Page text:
Saturday, 7 November 2015

Happy City

Finished November 1
Happy City: Transforming Our Lives Through Urban Design by Charles Montgomery

I really enjoyed this book. Montgomery is a journalist particularly interested in the urban experience, and that interest definitely drives this book. Montgomery looks at a number of cities that have tackled the issue of livability for their inhabitants to see what the process has been for them, what barriers they faced during implementation, and what the outcomes were.
He discovered that the advent of the automobile changed urban planning significantly, and this change is still the driving force behind much of the planning models used by cities, particularly in North America. Some of the changes he looks at feed into those that decry the "war against cars", but he reminds us that cities should be for the inhabitants first, not one mode of transportation that some of them use. Many cities that underwent significant changes that lessened the importance of the car on planning decisions had initial pushback, from a number of sources: people with cars, people with retail establishments, and industrial organizations. But after implementation, many of these groups agreed that the change was good. Many of the changes to improve the lives of urban dwellers, also had positive environmental impacts, positive impacts on retail areas, and positive impacts on the city's finances.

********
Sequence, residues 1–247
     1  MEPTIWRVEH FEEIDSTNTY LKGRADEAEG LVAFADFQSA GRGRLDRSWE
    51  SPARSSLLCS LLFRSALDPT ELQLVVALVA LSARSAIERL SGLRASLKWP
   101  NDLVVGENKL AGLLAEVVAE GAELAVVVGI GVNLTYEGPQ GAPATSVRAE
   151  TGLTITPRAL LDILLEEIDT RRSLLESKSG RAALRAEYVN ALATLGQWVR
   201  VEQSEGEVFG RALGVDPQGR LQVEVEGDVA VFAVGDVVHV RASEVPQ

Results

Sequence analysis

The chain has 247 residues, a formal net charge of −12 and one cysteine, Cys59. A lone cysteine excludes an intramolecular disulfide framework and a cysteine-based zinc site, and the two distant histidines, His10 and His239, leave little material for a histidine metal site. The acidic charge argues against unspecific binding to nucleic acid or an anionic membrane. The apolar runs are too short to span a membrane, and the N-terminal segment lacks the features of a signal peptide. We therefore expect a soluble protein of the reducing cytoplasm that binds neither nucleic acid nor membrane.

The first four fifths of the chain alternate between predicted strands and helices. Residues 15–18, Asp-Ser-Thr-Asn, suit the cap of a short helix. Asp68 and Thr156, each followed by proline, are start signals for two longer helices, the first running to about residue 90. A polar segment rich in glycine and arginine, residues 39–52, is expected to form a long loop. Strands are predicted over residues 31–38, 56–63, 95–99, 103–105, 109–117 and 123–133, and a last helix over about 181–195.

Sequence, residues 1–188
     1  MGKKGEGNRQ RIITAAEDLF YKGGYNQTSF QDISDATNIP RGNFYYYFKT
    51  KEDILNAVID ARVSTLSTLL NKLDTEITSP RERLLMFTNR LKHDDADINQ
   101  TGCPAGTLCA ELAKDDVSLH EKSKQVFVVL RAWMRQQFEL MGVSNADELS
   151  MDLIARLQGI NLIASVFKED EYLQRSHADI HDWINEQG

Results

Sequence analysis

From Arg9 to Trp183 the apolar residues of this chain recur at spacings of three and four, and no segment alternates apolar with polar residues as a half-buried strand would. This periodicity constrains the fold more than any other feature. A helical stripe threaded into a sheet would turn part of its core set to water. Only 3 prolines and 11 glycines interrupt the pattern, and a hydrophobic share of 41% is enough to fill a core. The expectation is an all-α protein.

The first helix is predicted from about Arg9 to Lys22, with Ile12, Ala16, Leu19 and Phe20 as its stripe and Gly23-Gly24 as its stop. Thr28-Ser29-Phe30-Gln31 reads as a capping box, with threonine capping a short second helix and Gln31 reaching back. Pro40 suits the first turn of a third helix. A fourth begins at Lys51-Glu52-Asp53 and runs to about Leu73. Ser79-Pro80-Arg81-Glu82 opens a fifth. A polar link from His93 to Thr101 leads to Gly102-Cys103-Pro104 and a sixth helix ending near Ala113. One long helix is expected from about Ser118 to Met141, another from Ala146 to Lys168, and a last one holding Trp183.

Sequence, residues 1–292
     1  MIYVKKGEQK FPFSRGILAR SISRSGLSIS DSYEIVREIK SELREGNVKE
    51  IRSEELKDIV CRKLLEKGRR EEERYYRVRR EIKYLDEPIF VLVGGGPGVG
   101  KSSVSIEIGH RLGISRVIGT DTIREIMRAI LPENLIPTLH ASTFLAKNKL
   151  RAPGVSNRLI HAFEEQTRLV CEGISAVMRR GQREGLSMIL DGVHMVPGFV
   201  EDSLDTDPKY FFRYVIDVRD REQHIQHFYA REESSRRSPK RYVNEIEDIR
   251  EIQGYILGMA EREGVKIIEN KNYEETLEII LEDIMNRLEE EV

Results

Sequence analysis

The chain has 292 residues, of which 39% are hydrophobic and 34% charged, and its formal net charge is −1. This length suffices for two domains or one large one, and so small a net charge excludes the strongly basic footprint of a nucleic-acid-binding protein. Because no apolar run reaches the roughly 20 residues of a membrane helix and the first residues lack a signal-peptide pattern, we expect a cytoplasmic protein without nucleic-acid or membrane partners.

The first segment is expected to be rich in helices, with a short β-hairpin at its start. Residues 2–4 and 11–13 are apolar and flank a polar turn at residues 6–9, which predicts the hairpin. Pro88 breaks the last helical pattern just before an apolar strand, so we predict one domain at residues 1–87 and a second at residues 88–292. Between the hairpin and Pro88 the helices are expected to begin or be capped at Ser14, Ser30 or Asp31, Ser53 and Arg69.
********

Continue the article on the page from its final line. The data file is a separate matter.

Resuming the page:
While many changes had to do with lessening the role of cars on the urban plan, they also included good transit planning, good housing planning, good neighbourhood planning, good greenspace planning, and good networking between stakeholders.
I learned a lot about the trends in urban planning, the ways that cities learn from each other's experiences, and the importance of involvement at all levels from the neighbourhood level to the national level to see a variety of changes take root.
Montgomery has done his research and includes references to it here, so others can study and learn what might apply to their own neighbourhoods, communities, and cities.

No comments:

Post a comment